Postcards showcased on the Traveling Exhibits
Demopolis - Bluff Hall
Allen Glover built Bluff Hall, in Demopolis, Marengo County, in 1832 for his daughter Sarah and her husband, Francis Lyon. The home is located on a limestone cliff, known as White Bluff, overlooking the Tombigbee River, near the site where the French expatriate Vine and Olive settlers landed. The original house was built in the Federal style; later renovations added the Greek Revival style. The Marengo County Historical Society purchased Bluff Hall on March 22, 1967, and converted it to a historic house museum with 1850s furnishings, textile collections dating back to the early 1800s, and beautiful antique portraits and landscapes.
Mar 30 - 1908. Dear Miss Valentine, Many thanks for the beautiful little birth-day card. this is one of the old time mansions. Yours Sinsere Elizebeth Butler Addressed to: Miss Ocie Valentine, 1211 Poplar Ave, Terre Haute, Ind.
Eufaula - Shorter Mansion
The Shorter Mansion, located in Eufaula, Barbour County, began as a humble home built in 1884, by Eli Sims Shorter II and his wife, Marietta Fannin. An extensive renovation between 1901 and 1906 transformed the home into the Greek Revival Mansion pictured. The Eufaula Heritage Association bought the house at auction in 1965. With the help of a state grant, they purchased antique furnishings and made it a house museum open to the public. The annual Eufaula Pilgrimage tour of historic homes is the association’s way of offsetting the cost of maintaining the Mansion and collecting the necessary resources to pursue their preservation efforts. The first Pilgrimage was held April 11-17, 1966. It is now the state’s oldest and largest tour of homes.
Miss Martha S Helo Martha how are you all o.k. I hope I am mity tired to night I have Been working hard to day I made 9 cakes it is mity cold down here well I will rite more on the Letter Lizzie H
Florence - W.C. Handy's Birthplace
Florence, in Lauderdale County, is home to the W. C. Handy birthplace and museum. It was opened to the public on June 7, 1970. Musician and composer, William Handy, the “Father of the Blues,” was born in this log cabin in 1873. The museum next to the cabin tells Handy's story and displays letters, pictures, musical compositions, personal mementos and artifacts, such as, his brass trumpet and the upright piano on which he composed the “St. Louis Blues.” The Handy Museum is a part of the Muscle Shoals National Heritage Area. Florence has hosted a W. C. Handy Music Festival the last week of July since 1982.
Greensboro - Magnolia Grove
Colonel Isaac Croom and his wife built Magnolia Grove, located in Greensboro, Hale County, around 1840. It is a pedimented temple form of Greek Revival architecture. In 1879, a niece, Sallie Pearson Hobson and her husband James purchased the house. Their son, Richmond Pearson Hobson, was a Congressional Medal of Honor recipient and a U.S. Congressman. The Hobson family deeded Magnolia Grove to Alabama as a memorial to Richmond. The house museum, owned by the Alabama Historical Commission, consists of furnishings belonging to the Croom and Hobson families, as well as Rear Admiral Hobson's artifacts relating to his naval and congressional careers.
Writing is illegible. Addressed to : Mrs. Alma B. Williams Akron, Ala
Huntsville - Weeden House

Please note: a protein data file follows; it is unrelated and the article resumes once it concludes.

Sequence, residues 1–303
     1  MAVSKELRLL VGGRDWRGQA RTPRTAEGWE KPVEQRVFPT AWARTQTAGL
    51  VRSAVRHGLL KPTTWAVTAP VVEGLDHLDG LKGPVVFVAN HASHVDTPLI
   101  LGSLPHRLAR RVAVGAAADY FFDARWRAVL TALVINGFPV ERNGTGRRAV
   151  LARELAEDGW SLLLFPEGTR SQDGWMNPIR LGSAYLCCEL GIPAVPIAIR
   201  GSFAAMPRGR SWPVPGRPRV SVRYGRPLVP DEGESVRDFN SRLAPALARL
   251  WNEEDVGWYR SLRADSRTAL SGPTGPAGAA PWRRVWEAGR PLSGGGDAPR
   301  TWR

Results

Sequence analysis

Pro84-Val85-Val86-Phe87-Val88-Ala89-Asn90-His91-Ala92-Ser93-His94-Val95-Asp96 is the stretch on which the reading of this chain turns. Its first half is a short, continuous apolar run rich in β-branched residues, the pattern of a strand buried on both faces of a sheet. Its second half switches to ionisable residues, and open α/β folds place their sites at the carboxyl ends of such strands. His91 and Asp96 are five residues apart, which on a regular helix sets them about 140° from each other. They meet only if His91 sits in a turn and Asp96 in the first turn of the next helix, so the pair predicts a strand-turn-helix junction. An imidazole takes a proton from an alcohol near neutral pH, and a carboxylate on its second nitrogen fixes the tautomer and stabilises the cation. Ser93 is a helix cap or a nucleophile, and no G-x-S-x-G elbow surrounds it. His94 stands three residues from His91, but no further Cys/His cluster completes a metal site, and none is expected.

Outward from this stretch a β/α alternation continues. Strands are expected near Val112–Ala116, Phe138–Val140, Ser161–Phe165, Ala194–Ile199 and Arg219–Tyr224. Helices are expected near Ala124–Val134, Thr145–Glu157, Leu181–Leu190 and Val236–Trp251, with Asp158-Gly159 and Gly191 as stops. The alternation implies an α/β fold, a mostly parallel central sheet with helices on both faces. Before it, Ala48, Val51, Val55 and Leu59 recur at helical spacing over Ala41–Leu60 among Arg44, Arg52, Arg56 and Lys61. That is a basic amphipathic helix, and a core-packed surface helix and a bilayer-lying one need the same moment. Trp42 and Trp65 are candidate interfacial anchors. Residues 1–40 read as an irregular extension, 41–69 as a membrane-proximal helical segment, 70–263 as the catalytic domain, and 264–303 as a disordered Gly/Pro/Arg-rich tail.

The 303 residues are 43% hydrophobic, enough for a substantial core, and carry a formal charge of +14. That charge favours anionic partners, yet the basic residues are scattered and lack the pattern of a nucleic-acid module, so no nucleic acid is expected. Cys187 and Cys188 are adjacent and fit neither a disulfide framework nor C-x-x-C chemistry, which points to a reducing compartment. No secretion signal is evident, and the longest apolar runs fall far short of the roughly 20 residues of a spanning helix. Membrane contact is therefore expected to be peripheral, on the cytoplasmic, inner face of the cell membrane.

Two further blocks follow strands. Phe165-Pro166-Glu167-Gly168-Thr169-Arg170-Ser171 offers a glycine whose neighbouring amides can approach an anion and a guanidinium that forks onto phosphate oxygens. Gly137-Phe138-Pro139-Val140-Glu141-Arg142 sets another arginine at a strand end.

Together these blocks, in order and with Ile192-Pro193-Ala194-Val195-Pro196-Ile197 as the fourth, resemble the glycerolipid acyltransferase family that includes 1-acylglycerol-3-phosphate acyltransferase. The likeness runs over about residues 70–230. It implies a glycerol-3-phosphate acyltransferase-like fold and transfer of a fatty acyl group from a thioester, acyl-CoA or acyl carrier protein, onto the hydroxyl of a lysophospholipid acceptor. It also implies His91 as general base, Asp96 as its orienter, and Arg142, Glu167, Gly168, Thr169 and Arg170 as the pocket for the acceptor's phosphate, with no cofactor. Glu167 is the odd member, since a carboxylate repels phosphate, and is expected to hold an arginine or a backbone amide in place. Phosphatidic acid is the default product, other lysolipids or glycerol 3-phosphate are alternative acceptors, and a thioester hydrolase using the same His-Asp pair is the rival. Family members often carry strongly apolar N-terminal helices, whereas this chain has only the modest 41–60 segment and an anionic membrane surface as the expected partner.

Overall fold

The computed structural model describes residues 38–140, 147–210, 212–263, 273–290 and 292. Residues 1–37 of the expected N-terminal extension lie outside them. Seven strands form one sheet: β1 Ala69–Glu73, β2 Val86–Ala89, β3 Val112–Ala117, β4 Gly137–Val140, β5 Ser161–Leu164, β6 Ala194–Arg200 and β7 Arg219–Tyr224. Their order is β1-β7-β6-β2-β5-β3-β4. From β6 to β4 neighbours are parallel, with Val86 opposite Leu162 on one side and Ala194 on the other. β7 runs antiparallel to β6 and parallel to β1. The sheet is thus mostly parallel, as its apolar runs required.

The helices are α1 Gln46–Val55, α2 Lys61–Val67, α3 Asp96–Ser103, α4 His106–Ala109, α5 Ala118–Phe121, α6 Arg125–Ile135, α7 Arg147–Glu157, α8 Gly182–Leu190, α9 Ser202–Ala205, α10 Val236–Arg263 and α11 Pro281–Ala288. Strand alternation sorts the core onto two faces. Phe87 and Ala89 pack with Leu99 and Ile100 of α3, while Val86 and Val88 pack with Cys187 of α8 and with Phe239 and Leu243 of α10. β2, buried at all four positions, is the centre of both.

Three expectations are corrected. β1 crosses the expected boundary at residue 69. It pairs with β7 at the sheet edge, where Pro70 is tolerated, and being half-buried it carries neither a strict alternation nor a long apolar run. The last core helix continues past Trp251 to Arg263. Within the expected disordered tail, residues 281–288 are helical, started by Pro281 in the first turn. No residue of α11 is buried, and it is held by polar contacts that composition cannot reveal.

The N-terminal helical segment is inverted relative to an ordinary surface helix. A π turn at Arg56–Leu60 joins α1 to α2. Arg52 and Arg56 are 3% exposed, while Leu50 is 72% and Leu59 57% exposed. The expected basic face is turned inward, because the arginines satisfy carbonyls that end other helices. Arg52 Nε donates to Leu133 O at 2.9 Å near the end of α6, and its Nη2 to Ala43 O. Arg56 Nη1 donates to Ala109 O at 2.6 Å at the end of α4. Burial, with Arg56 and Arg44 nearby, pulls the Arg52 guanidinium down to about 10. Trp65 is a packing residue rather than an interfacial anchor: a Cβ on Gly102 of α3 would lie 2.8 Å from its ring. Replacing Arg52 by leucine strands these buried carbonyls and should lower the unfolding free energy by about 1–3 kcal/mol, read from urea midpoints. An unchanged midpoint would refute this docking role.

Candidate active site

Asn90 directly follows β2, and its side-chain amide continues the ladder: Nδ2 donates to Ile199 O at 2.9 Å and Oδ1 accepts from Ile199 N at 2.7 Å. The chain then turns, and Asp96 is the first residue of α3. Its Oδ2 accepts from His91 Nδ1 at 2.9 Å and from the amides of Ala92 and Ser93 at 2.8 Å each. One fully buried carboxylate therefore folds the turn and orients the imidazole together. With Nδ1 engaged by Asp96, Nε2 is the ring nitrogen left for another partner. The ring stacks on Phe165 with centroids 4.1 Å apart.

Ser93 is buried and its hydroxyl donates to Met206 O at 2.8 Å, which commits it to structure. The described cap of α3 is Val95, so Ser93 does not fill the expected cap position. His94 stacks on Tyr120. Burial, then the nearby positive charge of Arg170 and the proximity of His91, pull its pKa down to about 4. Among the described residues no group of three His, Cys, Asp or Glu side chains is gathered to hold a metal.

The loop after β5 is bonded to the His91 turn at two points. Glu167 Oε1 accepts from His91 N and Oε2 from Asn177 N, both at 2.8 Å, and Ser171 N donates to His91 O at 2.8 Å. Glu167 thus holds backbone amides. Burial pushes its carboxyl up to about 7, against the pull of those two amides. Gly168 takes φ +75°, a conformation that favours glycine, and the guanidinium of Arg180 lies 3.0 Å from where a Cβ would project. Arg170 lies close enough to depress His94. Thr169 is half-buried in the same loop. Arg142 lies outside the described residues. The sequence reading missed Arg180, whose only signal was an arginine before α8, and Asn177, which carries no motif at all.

The Weeden House, in the Twickenham Historic District of Huntsville, is a Federal style house built in 1819. It has been home to several distinguished Huntsvillians, but artist and poet, Maria Howard Weeden was the most famous occupant. Her father, William Weeden, Sr., purchased the property in 1832, and it remained in the family until 1956. In 1973, the Twickenham Historic Preservation District Association purchased the house and opened it to the public in 1981. Weeden's portraits of former slaves and works of other artists such as William Frye and John Grimes are on display year round.
Addressed to: Miss Lockey Wright 916 Geo. St. Birmingham Alabama
Jasper - W.B. Bankhead House
This brick Colonial Revival home was constructed in 1925 by Congressman William Brockman Bankhead in Jasper, Walker County. The home was featured in the December 28, 1936, issue of Life and his daughter, Tallulah Bankhead, was married here on August 31, 1937. The Bankhead House and Heritage Center was founded by John T. Oliver Jr. to create a place to display and celebrate the past and present cultural history of Walker County and the area. The restored home was opened to the public in 2010. Several rooms are fixed galleries, such as the Congressional Library and the Tallulah Bankhead Room, while others host temporary exhibits of local interest.
Theodore - Bellingrath Home
Deconstruction, the process of keeping building materials intact during demolition, was a practice architect George B. Rogers used when building Walter and Bessie Bellingrath’s English Renaissance home in Theodore, Mobile County. He salvaged handmade bricks from an 1852 Mobile mansion, iron lace from the razed Southern Hotel, and flagstones from the corner of Mobile’s Government and Claiborne streets so the home would reflect the architectural heritage of the region. The Bellingrath home was completed in 1936 and opened to the public in 1956 under the care of foundation trustees.
Tuscaloosa - Drish House
Constructed in the 1830s by physician John R. Drish, the Drish House in Tuscaloosa, is considered a distinctive example of Greek Revival and Italianate architecture. The house has been a home, a church, a school and even an auto parts garage as evidenced by Walker Evans’ 1936 photograph located in New York’s Metropolitan Museum of Art. The Tuscaloosa County Preservation Society rescued the house from the Alabama Historical Commission’s “Places in Peril” list, and a private interest purchased the property and renovated it to use as an events venue.
J. L. Mc.